Modern research indicates that the PMI is overestimated by both of these cooling rates when using this method (which is the only one I am aware of that Dr. Phillips might have known about). So if Dr. Phillips used actual temperature readings, the method he had available to him will overestimate the PMI; that's not an opinion, it's a fact that the method available to him was not as refined as we now know it can be. We can use a more accurate (but still not great) version of the same calculation, where the cooling rate is 2F/hour. That would result in Dr. Phillips PMI being recalculated as either 1.5 or 1 hour, depending upon which rate he used.

              Since I don't know which rate he used, and either seems plausible, I present both possibilities. And in the end, it doesn't matter which he uses because the difference between these recalculated PMIs and the one based upon the witnesses end up being sufficiently close to each other in both cases, well within a range that allows both to be considered consistent.

              As I say, to the best of my knowledge there are no other calculations that Dr. Phillips would have had available to him to calculated an estimated PMI from temperature readings. Obviously, that doesn't mean there wasn't one, but until someone can present it and show it existed, we can't evaluate it.

              And yes, I do consider these calculations as producing a guesstimate because they are associated with such wide margins of error. Even unaltered, Dr. Phillips 2 hour PMI is still close enough to the witness based 1 hour PMI that we cannot say the medical testimony conflicts with the witness testimony; again, that's not an opinion it is a fact. This is really the point I'm trying to make.

              Dr. Phillips expert testimony does not conflict with the witnesses because the margins of error associated with estimating ToD from temperature readings are so large that his stated PMI overlaps with the time the witnesses indicate.

              - Jeff

              Comment


              • Originally posted by Trevor Marriott View Post

                I repeat it because you are the one who wont listen to what is being said, you clearly have your mind made up as to who you want to belive and that is your perogative but let me ask yout two questions. Simple answers will suffice like yes or no

                1. Do you belive that the witness testimony is unsafe because of the conflicts which have been highlighted?

                No. They could still be correct. And I think that the evidence points to the fact that they were correct.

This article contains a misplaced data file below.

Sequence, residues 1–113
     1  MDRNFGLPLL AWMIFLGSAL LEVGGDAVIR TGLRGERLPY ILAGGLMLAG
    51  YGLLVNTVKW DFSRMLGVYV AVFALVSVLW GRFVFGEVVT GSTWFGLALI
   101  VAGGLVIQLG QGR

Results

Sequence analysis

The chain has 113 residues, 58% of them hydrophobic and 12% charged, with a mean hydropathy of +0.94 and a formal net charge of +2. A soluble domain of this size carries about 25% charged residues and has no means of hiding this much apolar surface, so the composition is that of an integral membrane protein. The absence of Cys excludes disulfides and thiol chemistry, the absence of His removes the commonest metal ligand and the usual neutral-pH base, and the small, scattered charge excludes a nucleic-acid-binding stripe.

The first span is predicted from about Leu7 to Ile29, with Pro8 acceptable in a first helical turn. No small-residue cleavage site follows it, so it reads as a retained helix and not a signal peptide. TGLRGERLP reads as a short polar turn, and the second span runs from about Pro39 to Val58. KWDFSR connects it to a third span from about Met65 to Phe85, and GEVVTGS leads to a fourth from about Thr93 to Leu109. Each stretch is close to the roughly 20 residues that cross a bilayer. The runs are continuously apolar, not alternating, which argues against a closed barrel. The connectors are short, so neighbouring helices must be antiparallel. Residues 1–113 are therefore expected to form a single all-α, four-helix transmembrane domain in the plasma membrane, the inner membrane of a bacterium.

2. Do you think that in view of those conflicts Dr Phillips coule be correct about the TOD?

                Any guess could be correct. But it’s nothing to do with the witnesses.

                www.trevormarriott.co.uk
                Phillips probably was correct. He guessed at a minimum of 2 hours but added the caveat that the conditions could have meant less than 2 hours. As Jeff has proven with proper evidence.​​​​​​​
                Regards

                Sir Herlock Sholmes

                “It is useless to attempt to reason a man out of a thing he was never reasoned into.”

                Comment


                • Originally posted by Trevor Marriott View Post

                  Stop flanneling !!!!!!!!!!!!!!!!!

                  www.trevormarriott.co.uk
                  Too complicated for you is it.

                  Witness makes a trivial error - bin him!
                  Witness doesn’t mention something until further questioning - bin him!
                  Witness disagrees with a Doctors guess - bin him!
                  Witness disagrees with Trevor set-in-stone opinion - bin him!

                  Thankfully most posters don’t exist in a black and white world.
                  Regards

                  Sir Herlock Sholmes

                  “It is useless to attempt to reason a man out of a thing he was never reasoned into.”

                  Comment


                  • Originally posted by Fleetwood Mac View Post

                    Aye, Richardson changed his tune upon producing the knife and being challenged to its capabilities. Disconcertingly, Richardson didn't think to mention the borrowed knife from the market, which is not verified, when he said: "cut a piece of leather off my boot with an old-table knife".

                    There is a rabbit away, Sherlock.
                    Are you unable of comprehending the simplest of things? Show me where he ‘changed’ anything. And I don’t mean in your imagination.

                    Write on this.
                    Regards

                    Sir Herlock Sholmes

                    “It is useless to attempt to reason a man out of a thing he was never reasoned into.”

                    Comment


                    • As the'Models'used give a plus or minus error,it is equally fair to state that Phillips might have underestimated.If the error was as much as one hour,a figure that has been mentioned,then it pushes the time of death well back into the early hours.
                      Like I mentioned before,the elements of a theory show a possible solution.Those elements have to be proven.to give a correct answer.
                      One can manipulate Phillips,Long's,and Cadoche's testimony,to show a possibility agreement,but only by refusing to accept there are alternatives.

                      Comment


                      • [QUOTE=FISHY1118;n789045]









                        .